Tag Archives: Catherine Foreman

Picture Book Nook: Machines and Me series by Catherine Foreman

Catherine Foreman, author and
illustrator of the award-winning picture book, The
Cat’s Pyjamas
, has just released the first two books
in her fantastic new series, Machines and
Me
, with Scholastic NZ. Machines
and Me
is a series of four picture books that each
focus on a different machine. The first two books (out now)
are Planes and
Tractors, with
Boats and
Trains coming soon.

I absolutely love these books!
They’re bright and bold, so will appeal to very young
children. Every page is colourful and the machines really
stand out on the page. The text is simple but has a really
nice rhythm to it. The thing I like the most about these
books though is that they are perfectly suited to the age group.
Catherine Foreman gives a simple
explanation of what each machine does and how it works, but she
does so in a fun way. I also really like Catherine’s design
of the books, with the text following the direction of the machines
and matching the size of the machines. I’m always looking for great
books to share with babies and their parents at our sessions in the
library and these books are perfect. They’re large and the
illustrations are vibrant so they can be seen from further
away. The simple, rhyming text makes them perfect to read
aloud to a large group too. Get your hands on a copy of the first
two Machines and Me books,
Tractors and
Planes
, and keep an eye out for Boats
and Trains, coming soon
to a bookshop and library near you. They’re a must for any
home library and would be an absolute hit in preschools.

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Picture Book Nook: Clumsy giraffes and mid-air mayhem

The latest bunch of picture books from Scholastic New Zealand feature a clumsy giraffe and mid-air mayhem in hot-air balloons.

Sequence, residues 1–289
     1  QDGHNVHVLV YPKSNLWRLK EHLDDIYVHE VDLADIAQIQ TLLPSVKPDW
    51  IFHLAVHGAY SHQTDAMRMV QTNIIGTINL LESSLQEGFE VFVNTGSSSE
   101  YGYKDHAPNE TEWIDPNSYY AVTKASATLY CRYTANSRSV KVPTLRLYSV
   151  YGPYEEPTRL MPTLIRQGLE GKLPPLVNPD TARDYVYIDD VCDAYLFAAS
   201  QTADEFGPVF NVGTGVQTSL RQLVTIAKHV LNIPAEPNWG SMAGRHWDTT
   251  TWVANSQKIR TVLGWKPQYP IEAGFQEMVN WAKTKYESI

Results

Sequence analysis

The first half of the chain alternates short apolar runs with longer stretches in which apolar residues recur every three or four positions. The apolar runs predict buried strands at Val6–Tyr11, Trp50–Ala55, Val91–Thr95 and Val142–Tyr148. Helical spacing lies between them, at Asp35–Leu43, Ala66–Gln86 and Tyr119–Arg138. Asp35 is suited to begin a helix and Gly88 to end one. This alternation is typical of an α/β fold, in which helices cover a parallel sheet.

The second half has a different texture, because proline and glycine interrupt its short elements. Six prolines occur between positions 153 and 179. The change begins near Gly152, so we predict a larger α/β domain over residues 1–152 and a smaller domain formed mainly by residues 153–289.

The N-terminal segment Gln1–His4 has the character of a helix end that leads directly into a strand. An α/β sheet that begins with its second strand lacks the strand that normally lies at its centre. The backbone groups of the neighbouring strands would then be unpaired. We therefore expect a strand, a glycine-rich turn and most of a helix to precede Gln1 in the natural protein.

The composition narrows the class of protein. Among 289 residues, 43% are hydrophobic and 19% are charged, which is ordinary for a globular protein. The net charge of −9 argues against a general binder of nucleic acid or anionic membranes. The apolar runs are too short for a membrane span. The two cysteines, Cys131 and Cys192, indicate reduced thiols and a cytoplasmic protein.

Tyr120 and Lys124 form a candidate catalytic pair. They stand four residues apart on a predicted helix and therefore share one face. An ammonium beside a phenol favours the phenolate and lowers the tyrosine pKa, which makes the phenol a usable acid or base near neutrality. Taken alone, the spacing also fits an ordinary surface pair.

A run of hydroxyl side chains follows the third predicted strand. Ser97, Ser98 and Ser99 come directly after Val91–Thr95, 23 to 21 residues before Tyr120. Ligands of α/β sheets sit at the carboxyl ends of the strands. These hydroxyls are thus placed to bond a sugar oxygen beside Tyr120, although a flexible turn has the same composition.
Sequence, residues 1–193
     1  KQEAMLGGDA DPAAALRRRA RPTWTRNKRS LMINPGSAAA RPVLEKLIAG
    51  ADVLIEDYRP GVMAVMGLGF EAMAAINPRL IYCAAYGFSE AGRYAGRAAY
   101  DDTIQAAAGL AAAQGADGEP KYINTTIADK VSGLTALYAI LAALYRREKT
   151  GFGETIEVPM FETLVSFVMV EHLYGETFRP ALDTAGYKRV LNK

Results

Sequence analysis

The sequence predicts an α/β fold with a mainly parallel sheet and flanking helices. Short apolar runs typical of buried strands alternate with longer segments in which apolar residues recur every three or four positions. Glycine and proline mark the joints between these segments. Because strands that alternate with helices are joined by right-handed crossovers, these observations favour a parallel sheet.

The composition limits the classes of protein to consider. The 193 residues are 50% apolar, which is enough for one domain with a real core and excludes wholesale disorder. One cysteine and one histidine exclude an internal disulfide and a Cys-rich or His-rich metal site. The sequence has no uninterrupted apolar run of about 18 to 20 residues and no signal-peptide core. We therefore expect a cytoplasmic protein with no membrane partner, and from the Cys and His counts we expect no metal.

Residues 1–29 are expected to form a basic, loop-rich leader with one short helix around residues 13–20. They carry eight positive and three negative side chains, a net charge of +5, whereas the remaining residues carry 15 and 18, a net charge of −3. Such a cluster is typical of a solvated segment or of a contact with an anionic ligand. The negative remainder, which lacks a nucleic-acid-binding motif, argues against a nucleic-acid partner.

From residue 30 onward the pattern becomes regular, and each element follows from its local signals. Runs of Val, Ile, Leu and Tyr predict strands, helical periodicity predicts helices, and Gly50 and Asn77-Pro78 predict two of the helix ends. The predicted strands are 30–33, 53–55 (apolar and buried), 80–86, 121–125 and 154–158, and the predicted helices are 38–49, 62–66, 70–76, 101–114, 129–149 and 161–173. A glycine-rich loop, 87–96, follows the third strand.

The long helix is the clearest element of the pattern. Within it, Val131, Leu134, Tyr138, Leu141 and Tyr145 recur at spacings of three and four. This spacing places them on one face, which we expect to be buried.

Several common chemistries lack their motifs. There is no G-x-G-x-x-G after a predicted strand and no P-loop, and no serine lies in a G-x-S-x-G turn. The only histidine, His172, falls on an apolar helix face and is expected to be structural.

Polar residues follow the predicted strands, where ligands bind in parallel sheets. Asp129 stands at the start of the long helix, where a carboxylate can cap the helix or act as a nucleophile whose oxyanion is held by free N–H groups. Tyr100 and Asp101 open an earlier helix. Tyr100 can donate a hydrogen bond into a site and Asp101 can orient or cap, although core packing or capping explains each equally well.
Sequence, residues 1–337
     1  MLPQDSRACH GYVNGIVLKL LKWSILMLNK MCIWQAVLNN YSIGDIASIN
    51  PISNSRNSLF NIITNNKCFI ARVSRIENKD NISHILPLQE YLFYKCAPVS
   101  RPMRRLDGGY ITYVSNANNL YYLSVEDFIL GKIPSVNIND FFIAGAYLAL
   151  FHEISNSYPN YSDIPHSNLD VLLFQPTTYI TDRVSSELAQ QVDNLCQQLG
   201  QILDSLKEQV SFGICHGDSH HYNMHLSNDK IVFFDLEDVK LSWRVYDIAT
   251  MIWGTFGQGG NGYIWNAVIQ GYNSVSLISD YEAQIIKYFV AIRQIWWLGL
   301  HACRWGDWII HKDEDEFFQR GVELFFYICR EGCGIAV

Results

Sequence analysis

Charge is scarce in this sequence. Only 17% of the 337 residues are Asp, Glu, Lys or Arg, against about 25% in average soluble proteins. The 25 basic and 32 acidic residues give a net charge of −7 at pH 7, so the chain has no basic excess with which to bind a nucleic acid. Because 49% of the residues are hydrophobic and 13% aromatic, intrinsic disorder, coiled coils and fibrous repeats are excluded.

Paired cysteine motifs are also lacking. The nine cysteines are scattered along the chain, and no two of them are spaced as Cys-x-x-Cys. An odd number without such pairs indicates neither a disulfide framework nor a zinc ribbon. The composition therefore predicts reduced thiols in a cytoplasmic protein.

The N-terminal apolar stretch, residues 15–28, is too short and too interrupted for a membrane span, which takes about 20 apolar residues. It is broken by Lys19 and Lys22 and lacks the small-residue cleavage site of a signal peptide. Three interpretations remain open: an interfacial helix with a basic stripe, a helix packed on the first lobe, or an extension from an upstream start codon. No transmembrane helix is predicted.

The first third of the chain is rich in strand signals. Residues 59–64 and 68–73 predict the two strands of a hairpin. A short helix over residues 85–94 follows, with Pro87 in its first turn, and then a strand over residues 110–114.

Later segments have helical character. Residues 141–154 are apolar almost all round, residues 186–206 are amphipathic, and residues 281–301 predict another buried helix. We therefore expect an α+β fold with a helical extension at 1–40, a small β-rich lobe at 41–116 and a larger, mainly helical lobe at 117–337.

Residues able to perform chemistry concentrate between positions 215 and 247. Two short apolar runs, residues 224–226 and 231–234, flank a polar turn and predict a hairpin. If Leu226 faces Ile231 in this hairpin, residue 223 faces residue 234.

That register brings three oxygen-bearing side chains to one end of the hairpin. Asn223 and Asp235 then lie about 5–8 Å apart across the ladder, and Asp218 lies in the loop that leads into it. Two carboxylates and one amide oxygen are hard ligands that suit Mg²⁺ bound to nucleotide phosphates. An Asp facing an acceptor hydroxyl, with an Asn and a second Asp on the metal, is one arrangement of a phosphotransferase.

Great Galloping Galoot is the first picture book by New Zealand author and illustrator, Stephanie Thatcher.  It’s about a clumsy giraffe, called Galoot, who is always tripping over things and bumping into things.  Whenever he does something silly, the other animals call out, ‘You great galoot!’  His parents always say to him, ‘when walking, walk tall. When running, run fast.  Galoot, always be your best.’  When he comes across some other animals who can’t cross the river , he offers to help, but they tell him he can’t because he’s a great galoot.  But Galoot remembers his parents’ words and knows just what to do.  Great Galloping Galoot is a cute story about being different, with a character that children will love.  I must admit, I got a bit confused when I first read the story (Why are they calling him a great galoot when he’s called Galoot?), but when I read it again I realised that children wouldn’t pick up on that.  Galoot’s parents’ words of advice are repeated throughout the story, so children will be able to join in.  Stephanie’s illustrations are quite cute, especially her googly-eyed Galoot, and I love the determination on his face as he rushes down the hill to save the day.

3 out of 5 stars

Madison Moon and the Hot-Air Balloon by Chris Gurney and illustrated by Catherine Foreman, is the story of Madison Moon who has a great idea.  Madison is sick and tired of being stuck in traffic in her little red car, so she decides to buy a hot-air balloon.  She soars up, up and away, ‘high in the cottonwood clouds,’ while everyone else battles the traffic.  Soon everybody wants to go for a ride in her balloon, including the butcher, the baker and the lollipop maker, and they all decide they want their own hot-air balloon.  As everyone starts to use their balloon instead of their car, the sky becomes very crowded, and suddenly Madison doesn’t find it fun anymore to be up in the sky.  Chris Gurney’s text is fun to read, with lots of whooshing, swooshing and blabbety-blabbing.  You get caught up in the rhythm as you read and get taken on a wild ride through the air.  Catherine Foreman’s illustrations are bright and colourful, and filled with lots of different patterns and shapes, especially the balloons.  Madison Moon and the Hot-Air Balloon will really appeal to children, because it’s taking something ordinary (traveling from one place to another) and making it extraordinary.  They’re sure to enjoy the cyclic ending, and could imagine what might happen after you close the book (Will everyone else join Madison?  Will she get sick and tired of the traffic and try something else?  What might she try next?).

4 out of 5 stars

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